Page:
A Venclexta combination was granted an accelerated approval to treat older patients with acute myeloid leukemia who are ineligible for chemotherapy.
The Food and Drug Administration (FDA) granted an accelerated approved to Venclexta (venetoclax) in combination with azacytidine, decitabine or low-dose cytarabine (LDAC) to treat patients with acute myeloid leukemia (AML) who are at least 75 years old and/or are ineligible for chemotherapy.
“AML is an extremely aggressive and debilitating blood cancer, and outcomes for patients ineligible for intensive chemotherapy are very poor,” said Michael Severino, M.D., executive vice president of research and development and chief scientific officer, AbbVie — one of the co-manufacturers of the drug – in a statement. “This new approval for Venclexta marks a significant milestone for AbbVie and, more importantly, for patients diagnosed with this deadly disease. We look forward to continuing our work developing Venclexta and advancing treatment options in other aggressive cancers."
The approval is based on two phase 1b/2 trials in this setting: the M14-358 study and the M14-387 study.
The phase 1b open-label dose escalation and expansion M14-358 study included treatment-naïve patients with AML aged 60 years or older who were not fit to receive intensive chemotherapy. Patients received Venclexta in combination with a hypomethylating agent (azacitidine or decitabine). Key outcome measures for the trial included complete remission/complete remission with partial hematological recovery (CRh), overall survival and safety.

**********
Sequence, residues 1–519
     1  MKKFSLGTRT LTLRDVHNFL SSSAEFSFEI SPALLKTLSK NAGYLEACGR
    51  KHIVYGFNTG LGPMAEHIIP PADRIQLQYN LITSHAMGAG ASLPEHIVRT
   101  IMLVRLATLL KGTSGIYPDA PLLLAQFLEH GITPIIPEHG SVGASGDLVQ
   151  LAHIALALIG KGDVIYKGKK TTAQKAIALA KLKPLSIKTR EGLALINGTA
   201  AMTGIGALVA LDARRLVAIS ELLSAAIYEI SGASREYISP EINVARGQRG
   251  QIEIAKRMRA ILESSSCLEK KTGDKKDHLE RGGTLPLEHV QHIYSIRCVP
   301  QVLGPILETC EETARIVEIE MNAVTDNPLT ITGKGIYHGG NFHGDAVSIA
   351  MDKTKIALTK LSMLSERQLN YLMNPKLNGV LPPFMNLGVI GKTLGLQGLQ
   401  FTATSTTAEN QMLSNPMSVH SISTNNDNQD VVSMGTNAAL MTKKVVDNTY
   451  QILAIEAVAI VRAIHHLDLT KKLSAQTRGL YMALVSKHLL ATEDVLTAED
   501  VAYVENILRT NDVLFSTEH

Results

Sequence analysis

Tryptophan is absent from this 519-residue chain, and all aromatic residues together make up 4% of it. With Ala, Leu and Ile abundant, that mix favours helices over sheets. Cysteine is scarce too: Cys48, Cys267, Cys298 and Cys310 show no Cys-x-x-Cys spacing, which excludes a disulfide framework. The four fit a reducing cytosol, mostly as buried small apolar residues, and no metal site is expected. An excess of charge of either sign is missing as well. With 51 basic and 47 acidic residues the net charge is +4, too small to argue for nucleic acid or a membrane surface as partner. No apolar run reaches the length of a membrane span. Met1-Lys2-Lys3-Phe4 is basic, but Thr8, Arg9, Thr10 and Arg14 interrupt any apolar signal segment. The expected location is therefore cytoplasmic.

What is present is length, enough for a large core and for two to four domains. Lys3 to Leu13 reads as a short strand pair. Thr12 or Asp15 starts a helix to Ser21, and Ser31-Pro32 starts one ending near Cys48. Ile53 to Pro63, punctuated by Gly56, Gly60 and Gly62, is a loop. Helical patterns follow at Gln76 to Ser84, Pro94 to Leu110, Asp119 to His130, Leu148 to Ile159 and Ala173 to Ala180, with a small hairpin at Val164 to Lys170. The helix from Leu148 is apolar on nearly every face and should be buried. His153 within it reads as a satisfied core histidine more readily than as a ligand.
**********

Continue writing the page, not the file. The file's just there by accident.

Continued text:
Combining Venclexta with azacitidine led to a complete remission rate of 37 percent and a CRh rate of 24 percent. The rates were 54 percent and 7.7 percent, respectively, with the combination of Venclexta and decitabine. Grade 3/4 side effects included anemia, low platelet count, decreased potassium levels, low white blood cell count with fever and low white blood cell count.
The open-label phase 1b/2 dose escalation and expansion M14-387 study included previously untreated patients 60 years or older who were unfit to receive intensive chemotherapy. Patients received Venclexta in combination with low-dose cytarabine. The main study endpoints were complete remission/CRh, objective response rate, overall survival and safety.
The complete remission and CRh rates with the combination were both 21 percent. Grade 3/4 side effects included sepsis, decreased phosphate levels, high blood pressure, decreased potassium levels, pneumonia and low white blood cell count with fever.
This is not the first accelerated approval that the drug has received. In 2016, the FDA granted Venclexta an accelerated approval for previously treated patients with chronic lymphocytic leukemia (CLL) who have a 17p deletion. The accelerated approval led to a full approval in June 2018 for patients with CLL or small lymphocytic leukemia (SLL), regardless of 17p deletion. At the same time, the FDA also approved the agent to be used in combination with Rituxan (rituximab).
“Many people with acute myeloid leukemia are unable to tolerate standard intensive chemotherapy, and the Venclexta combination regimens represent important new options for these patients,” said Sandra Horning, chief medical officer at Genentech, a unit of Roche, the other co-manufacturer of the drug.
The accelerated approval of venetoclax in AML is contingent on the results of a confirmatory trial.